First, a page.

The Problem-Solving Toolkit is free to download here.

The publication of the Toolkit has been made possible by a 2015 Economic and Social Research Council (ESRC) ‘Impact’ award in addition to financial support from Cerebra.

Survey finds local authorities failing to comply with their legal obligations to parent carers/young carers

A survey of over 40% of English social services authorities by the Cerebra Legal Entitlements Research Project at Cardiff Law School has found serious failing in local authority ‘short breaks’ statements that they are under a duty to publish.

Findings included:

  • Over 90% failed to advise parent carers and young carers of their right to an assessment;
  • More than 85% gave no clear explanation as to how the amount of support provided is decided;
  • In excess of 80% failed to explain what families could do if they were dissatisfied with the support they were receiving;
  • Over 60% failed to mention transport support – to enable the disabled child to attend the short break support;
  • In more than 50% of cases, it was difficult to locate the actual ‘short break statement’.

The report contains advice on how short breaks statements and local authority websites can be improved – particularly the value of having a logical point to start a search (such as a home page with an entry such as ‘social care’ or ‘carers’) and the need for a national standard ‘template’ for all authorities to use.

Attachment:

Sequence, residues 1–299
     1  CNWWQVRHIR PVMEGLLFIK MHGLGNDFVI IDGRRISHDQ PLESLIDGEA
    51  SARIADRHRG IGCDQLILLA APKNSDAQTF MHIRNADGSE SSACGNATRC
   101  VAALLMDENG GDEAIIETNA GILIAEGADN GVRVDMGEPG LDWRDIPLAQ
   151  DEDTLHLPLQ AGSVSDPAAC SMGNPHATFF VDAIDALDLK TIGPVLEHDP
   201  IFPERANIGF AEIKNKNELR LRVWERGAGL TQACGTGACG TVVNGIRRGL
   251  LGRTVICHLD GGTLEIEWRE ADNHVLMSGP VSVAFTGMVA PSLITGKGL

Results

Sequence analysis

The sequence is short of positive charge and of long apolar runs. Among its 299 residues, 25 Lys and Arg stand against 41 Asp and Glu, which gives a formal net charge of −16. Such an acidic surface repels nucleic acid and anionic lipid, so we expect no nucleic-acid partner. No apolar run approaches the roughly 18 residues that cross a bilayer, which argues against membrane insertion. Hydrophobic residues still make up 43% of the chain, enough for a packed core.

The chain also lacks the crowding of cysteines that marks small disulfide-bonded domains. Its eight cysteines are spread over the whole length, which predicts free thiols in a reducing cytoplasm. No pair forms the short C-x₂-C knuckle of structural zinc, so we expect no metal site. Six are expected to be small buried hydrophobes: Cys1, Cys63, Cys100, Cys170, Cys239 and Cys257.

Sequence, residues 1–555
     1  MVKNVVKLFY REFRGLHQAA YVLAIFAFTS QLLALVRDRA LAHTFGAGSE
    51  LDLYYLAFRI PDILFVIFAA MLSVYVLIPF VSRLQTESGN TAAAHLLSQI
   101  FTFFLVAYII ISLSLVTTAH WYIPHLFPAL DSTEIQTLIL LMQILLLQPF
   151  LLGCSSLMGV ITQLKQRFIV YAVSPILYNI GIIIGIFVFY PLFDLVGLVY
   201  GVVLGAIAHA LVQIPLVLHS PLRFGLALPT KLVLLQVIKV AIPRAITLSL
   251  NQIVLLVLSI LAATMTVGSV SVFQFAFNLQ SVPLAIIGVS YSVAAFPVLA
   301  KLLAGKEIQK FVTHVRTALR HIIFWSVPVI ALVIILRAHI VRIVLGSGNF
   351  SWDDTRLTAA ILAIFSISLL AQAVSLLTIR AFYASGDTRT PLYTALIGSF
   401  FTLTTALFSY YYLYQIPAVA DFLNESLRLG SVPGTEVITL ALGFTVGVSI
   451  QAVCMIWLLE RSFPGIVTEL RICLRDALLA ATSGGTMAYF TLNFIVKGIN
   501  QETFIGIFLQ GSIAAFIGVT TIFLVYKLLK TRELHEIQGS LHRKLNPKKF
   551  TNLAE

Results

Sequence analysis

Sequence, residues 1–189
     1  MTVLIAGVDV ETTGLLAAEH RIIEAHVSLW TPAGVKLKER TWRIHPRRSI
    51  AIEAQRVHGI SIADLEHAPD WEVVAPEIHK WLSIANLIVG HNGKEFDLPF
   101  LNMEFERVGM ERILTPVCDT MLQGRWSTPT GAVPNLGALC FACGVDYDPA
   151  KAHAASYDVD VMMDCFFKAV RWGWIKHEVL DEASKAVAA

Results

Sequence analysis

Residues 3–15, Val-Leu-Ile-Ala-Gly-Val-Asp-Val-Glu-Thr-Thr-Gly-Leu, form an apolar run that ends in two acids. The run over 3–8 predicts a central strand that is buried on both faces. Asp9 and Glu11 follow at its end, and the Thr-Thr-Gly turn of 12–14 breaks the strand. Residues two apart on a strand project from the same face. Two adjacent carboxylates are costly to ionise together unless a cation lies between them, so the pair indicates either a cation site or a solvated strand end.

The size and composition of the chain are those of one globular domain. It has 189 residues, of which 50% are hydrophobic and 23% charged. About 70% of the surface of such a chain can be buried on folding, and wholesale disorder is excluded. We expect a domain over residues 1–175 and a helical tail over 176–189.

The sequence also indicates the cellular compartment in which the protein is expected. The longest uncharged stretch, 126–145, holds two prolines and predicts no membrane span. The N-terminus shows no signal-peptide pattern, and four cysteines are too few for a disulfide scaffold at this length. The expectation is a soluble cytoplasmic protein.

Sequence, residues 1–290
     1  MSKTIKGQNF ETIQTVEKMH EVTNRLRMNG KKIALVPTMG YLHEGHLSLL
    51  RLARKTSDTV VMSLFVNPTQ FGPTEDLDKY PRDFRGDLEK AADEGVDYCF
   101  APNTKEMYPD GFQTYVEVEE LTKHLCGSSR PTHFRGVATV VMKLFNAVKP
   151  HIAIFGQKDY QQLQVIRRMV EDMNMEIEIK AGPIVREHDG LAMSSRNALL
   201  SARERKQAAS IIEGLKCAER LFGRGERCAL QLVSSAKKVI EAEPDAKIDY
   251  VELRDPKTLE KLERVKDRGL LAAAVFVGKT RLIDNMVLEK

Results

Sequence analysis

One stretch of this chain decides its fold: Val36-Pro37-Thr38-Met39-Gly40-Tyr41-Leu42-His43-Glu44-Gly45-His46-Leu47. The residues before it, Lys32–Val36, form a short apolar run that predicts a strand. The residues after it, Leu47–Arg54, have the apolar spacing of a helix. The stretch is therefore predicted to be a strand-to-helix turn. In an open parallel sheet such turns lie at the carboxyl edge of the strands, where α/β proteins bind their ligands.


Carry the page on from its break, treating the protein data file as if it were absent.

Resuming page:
The report contains some positive findings and of the authorities surveyed, the report singled out the Isle of Wight as an example of best practice and gave ‘honourable mentions’ to Camden, Hampshire, Liverpool and Cheshire West and Chester.

The full report can be accessed at https://w3.cerebra.org.uk/help-and-information/legal-entitlements-research-project/

For further information, please contact:

Professor Luke Clements [who supervised the research] l.j.clements@leeds.ac.uk
Professor Julie Price [Head of the Pro Bono Unit, Cardiff] PriceJA1@cardiff.ac.uk
Tracy Elliot [Head of Research & Education at Cerebra] TracyE@cerebra.org.uk

More school transport success for the Legal Entitlements Research Project